Today, we faint before the materialists and put this aside in real terms. We give in to the modern Stoics and Epicureans with their evolution abetted by immense passage of time and swallow their nonsense, bringing home Lyell's hope of detaching our view of the real world from its creator ( ). So repentance becomes a meaningless trope of a vanished and ignorant age in the minds of those we abet in their paganism.

If its not real, then its really nothing.

If the creation account in Genesis 1 and reflected throughout the scriptures being presented as the basis for worship of God is not an account of real events in our space-time-event-material (STEM) world, then its relation to truth is uncertain it and can provide no compelling basis for worship in our STEM life-world and its constituting relationship with the Creator-God.

The 'philosophy' of the Bible is 'concrete realism' of events and relationship in the context of logos dominating the material world. If the creation account is not part of the historical flow of God's relationship with his creature-in-his-image, then it is dislocated and God is 'mythologised', removed from our 'life-world'.  His proximity denied by the materialist alternative of evolution and he is pushed away from us and relationship with us in the totality of the interpenetration of his ontology with ours. Lyell's mission accomplished!


Wednesday, September 9, 2020

Surprising questions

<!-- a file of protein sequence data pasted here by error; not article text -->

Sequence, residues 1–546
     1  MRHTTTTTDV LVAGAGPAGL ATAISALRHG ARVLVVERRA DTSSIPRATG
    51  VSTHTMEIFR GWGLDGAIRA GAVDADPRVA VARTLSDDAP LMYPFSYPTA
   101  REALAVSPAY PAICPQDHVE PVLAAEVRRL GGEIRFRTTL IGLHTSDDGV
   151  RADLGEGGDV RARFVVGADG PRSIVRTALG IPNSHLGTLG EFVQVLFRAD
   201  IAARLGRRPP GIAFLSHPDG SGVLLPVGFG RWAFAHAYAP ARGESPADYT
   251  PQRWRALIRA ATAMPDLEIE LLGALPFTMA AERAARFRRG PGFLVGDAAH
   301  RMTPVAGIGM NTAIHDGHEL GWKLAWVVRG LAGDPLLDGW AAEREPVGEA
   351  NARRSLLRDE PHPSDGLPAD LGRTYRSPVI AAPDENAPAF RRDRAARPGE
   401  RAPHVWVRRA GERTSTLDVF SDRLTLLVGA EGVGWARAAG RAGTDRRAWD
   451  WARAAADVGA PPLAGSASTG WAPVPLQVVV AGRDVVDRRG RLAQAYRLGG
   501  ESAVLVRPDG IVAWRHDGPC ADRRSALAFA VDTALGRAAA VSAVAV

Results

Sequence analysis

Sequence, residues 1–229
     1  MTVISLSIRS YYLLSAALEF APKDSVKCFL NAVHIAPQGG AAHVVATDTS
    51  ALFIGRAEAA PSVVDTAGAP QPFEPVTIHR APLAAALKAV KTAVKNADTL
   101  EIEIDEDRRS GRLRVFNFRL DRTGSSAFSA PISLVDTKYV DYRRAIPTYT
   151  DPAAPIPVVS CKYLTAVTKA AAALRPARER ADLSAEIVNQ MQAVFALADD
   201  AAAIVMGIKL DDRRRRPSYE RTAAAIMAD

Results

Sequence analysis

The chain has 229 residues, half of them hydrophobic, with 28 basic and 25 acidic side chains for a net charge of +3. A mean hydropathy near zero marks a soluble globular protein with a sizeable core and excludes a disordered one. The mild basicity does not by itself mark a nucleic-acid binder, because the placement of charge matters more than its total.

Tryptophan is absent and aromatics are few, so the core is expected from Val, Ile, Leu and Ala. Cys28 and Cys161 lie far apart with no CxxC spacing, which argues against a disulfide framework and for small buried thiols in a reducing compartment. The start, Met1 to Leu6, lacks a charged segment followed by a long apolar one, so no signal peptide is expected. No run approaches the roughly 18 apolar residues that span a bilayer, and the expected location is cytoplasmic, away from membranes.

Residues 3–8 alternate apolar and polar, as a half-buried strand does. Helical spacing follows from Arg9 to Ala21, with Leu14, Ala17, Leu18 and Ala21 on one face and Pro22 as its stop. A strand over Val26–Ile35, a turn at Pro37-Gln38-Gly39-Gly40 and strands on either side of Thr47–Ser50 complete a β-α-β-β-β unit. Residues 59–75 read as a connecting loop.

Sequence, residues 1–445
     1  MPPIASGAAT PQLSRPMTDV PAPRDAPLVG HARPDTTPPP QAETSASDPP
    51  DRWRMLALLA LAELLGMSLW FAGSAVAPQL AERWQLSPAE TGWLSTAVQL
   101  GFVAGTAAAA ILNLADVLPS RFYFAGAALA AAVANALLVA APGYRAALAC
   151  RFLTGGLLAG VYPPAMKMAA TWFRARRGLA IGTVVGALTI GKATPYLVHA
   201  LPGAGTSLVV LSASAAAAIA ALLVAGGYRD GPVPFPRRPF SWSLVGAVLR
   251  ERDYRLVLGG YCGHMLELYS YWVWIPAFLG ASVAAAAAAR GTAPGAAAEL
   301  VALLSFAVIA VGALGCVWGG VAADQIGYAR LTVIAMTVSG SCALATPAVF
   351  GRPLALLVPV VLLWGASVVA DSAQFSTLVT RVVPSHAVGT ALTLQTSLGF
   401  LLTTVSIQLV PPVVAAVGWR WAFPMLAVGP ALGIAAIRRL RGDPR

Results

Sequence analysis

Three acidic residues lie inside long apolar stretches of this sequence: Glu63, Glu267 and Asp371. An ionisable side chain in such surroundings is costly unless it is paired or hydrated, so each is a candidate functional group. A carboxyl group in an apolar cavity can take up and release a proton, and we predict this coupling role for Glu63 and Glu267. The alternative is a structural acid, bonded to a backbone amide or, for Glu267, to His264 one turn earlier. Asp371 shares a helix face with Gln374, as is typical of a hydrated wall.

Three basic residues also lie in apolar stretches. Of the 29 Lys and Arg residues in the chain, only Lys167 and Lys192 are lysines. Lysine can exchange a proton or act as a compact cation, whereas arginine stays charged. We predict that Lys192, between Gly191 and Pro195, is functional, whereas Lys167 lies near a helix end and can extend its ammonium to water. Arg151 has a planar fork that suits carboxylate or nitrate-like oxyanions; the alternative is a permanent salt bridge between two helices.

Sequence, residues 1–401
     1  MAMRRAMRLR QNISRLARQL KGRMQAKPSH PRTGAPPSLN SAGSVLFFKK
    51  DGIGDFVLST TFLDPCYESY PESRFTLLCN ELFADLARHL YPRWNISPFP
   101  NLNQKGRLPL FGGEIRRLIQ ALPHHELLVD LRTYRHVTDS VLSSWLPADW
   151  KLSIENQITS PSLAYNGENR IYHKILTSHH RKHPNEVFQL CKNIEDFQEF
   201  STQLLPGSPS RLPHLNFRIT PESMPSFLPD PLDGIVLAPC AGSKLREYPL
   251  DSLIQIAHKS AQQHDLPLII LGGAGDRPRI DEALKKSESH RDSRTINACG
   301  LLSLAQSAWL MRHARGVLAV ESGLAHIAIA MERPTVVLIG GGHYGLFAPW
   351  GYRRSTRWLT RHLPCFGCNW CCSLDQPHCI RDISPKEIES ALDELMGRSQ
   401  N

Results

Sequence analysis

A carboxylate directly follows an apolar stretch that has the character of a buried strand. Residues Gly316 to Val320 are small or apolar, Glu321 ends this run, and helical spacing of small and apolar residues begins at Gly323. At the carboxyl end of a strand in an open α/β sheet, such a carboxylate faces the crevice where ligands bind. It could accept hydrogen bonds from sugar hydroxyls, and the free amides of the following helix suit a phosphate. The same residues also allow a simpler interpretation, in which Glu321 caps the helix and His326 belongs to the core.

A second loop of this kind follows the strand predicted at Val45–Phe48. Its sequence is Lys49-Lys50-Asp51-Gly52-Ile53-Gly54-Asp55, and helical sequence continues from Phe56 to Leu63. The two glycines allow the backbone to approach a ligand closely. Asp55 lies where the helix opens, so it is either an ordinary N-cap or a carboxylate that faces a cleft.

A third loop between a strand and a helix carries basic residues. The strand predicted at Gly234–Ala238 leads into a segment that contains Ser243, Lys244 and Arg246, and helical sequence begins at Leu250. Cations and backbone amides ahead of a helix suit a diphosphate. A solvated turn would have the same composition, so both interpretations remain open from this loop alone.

I sometimes listen to the Stand to Reason podcasts. More frequently, I read the titles or the blurb, and decide to not listen. Life is too short for the questions some people ask (and some people would see the need to answer):

'God is the threat and a rescuer' (brought to you by Calvin's theology-fiction more a statement than a question!).

'Was there a definite point (sic) in time [moment of time?] when the Old Covenant ended and the New Covenant began?'

'Why couldn't Jesus have paid for our sins by dying of old age?' [more amusing than daft]

'How do I answer the challenge that Jesus may have just had a near-death experience?'

'Should we seek interpretations of our dreams as they did in Joseph's day?'

'Would leaving a 'seeker-friendly' church for better teaching be too petty a reason to leave?'

Wow. That's all I can say, 'wow'.

Friday, September 4, 2020

Just an organiser

Thinking about my post on not leading, this came to mind:

A home group that I was part of needed a 'leader'. An older woman, one of the long time members of the church was told she was the leader.

Discussing it with us, she was flipping between being horrified and being overwhelmed. She didn't know what  a 'leader' was. No one told  her.

However, we figured it out: she kept the roster and made sure we all knew the venue as it varied from month to  month.

That was all. She was our organiser. She was great at it.

Thursday, September 3, 2020

Why are you a Christian?

There are lots of ways of answering this question. I'll keep writing them up as they come to me (from experience as well as musings).
I was told of a  neat approach at a local high school Christian group: all the seniors were asked for their answer to that question. In one sentence.
A real challenge. Give me 5 minutes or half an hour and I'd be OK. But one sentence?
Let's give it a go:

"The driving factor is the resurrection of Jesus of Nazareth. In his resurrection he showed that he had dealt with the final human frustration and guaranteed his chief claim: following him makes you part of God's family."